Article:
E. W. Hornung: Dead Men Tell No Tales


It must have been midnight when I opened my eyes; a clock was striking as though it never would stop. My mouth seemed fire; a pungent flavor filled my nostrils; the wineglass felt cold against my teeth. "That's more like it!" muttered a voice close to my ear. An arm was withdrawn from under my shoulders. I was allowed to sink back upon some pillows. And now I saw where I was. The room was large and poorly lighted. I lay in my clothes on an old four-poster bed. And my enemies were standing over me in a group.

"I hope you are satisfied!" sneered Joaquin Santos, with a flourish of his eternal cigarette.

"I am. You don't do murder in my house, wherever else you may do it."

"And now better lid 'im to the nirrest polissstation; or weel you go and tell the poliss yourself?" asked the Portuguese, in the same tone of mordant irony.

"Ay, ay," growled Harris; "that's the next thing!"

"No," said Rattray; "the next thing's for you two to leave him to me."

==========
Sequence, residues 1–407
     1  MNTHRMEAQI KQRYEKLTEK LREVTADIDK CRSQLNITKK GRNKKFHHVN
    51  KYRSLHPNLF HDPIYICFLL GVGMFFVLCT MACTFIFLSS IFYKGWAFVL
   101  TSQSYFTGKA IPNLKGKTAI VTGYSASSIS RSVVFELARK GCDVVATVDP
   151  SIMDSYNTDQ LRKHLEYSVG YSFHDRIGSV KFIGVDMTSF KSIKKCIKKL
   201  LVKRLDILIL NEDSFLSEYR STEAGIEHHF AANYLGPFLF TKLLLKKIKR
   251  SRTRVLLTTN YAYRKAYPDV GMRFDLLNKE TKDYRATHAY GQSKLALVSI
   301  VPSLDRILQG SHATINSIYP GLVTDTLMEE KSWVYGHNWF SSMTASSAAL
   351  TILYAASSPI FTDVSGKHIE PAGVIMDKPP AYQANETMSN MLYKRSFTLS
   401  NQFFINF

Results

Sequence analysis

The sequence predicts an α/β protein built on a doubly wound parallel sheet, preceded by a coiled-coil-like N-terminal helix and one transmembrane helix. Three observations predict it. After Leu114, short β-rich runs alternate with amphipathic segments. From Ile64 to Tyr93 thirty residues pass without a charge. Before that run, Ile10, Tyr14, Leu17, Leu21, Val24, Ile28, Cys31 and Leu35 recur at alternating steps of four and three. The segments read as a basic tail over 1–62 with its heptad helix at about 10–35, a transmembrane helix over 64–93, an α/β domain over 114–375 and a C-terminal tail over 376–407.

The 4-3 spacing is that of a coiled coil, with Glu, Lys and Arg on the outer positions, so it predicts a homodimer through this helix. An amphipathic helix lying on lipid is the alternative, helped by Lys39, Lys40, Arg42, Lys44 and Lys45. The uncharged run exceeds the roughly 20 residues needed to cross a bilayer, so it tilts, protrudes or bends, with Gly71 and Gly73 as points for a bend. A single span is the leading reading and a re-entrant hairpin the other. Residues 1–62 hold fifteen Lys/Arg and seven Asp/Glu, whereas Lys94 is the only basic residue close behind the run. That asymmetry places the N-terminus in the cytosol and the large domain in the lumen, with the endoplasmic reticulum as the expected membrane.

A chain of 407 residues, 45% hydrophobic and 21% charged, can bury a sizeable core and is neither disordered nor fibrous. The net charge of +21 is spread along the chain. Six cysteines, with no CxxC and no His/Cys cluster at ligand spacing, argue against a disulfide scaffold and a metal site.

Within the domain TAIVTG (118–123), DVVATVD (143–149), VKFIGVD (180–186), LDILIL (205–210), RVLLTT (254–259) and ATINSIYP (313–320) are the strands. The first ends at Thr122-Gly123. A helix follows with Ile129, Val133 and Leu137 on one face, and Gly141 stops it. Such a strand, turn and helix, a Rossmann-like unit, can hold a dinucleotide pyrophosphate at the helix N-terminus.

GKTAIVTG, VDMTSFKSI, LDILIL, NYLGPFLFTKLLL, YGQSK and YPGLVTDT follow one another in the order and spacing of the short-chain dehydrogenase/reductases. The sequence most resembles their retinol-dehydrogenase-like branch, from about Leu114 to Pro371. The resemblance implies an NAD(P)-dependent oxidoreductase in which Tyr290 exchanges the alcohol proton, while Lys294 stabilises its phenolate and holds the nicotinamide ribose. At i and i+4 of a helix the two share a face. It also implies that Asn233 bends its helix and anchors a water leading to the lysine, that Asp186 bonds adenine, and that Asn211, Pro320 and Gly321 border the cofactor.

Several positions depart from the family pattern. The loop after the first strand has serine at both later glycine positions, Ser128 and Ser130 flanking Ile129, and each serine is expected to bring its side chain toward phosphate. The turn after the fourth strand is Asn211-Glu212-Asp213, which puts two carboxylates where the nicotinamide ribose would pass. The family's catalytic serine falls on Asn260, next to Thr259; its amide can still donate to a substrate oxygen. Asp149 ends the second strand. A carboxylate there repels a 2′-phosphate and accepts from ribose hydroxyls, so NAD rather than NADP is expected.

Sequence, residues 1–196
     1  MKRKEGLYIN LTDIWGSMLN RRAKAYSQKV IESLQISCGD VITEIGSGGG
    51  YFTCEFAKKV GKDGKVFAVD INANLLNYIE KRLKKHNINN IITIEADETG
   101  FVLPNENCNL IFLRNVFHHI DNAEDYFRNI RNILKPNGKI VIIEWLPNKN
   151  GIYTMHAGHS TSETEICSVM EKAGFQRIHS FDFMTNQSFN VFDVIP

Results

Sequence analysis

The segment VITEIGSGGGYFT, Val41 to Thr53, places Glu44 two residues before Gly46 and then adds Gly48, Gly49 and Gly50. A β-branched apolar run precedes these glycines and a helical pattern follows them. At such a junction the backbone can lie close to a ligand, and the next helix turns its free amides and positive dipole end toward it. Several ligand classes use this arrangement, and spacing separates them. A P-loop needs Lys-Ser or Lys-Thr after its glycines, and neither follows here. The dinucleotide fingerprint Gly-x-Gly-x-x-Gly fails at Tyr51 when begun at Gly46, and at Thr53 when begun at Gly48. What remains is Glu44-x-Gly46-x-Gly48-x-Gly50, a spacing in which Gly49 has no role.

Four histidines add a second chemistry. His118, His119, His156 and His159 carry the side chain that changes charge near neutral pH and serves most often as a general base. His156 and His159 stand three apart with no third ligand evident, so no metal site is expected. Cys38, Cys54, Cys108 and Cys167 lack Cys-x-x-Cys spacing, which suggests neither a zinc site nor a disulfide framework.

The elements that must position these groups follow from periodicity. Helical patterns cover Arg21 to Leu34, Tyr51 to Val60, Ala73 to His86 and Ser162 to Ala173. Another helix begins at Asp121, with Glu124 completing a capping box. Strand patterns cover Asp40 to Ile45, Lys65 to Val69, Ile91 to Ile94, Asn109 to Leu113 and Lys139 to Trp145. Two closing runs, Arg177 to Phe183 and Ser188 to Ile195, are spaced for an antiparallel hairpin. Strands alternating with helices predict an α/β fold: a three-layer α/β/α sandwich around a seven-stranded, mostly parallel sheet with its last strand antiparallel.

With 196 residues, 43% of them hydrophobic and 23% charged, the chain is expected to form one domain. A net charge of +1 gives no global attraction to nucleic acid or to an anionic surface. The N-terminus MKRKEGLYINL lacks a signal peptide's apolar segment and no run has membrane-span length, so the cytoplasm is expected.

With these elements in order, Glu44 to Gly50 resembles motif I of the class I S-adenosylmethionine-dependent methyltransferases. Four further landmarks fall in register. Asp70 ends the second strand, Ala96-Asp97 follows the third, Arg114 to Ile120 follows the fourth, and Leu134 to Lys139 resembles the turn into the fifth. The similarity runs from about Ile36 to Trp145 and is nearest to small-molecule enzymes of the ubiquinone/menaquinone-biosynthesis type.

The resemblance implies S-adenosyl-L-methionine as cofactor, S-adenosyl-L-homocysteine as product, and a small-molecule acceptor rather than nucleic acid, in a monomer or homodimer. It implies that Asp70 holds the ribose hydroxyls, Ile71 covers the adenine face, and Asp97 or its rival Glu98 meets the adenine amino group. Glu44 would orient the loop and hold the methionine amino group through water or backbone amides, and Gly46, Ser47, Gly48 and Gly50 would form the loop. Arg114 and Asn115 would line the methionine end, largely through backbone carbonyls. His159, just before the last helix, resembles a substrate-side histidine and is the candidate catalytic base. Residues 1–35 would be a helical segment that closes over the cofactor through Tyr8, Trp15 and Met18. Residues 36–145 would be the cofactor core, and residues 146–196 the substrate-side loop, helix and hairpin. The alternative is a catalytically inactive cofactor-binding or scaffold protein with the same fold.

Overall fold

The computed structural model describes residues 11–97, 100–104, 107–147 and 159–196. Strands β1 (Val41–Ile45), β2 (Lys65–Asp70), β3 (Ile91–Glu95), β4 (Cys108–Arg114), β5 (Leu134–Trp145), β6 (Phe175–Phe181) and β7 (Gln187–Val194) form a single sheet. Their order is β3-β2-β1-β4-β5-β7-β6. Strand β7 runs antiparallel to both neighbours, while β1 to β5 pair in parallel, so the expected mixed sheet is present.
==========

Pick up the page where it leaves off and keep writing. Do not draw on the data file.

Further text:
"We'll see you damned!" cried the captain.

"No, no, my friend," said Santos, with a shrug; "let him have his way. He is as fond of his skeen as you are of yours; he'll come round to our way in the end. I know this Senhor Cole. It is necessary for 'im to die. But it is not necessary this moment; let us live them together for a leetle beet."

"That's all I ask," said Rattray.

"You won't ask it twice," rejoined Santos, shrugging. "I know this Senhor Cole. There is only one way of dilling with a man like that. Besides, he 'as 'alf-keeled my good Jose; it is necessary for 'im to die."

"I agree with the senhor," said Harris, whose forehead was starred with sticking-plaster. "It's him or us, an' we're all agen you, squire. You'll have to give in, first or last."

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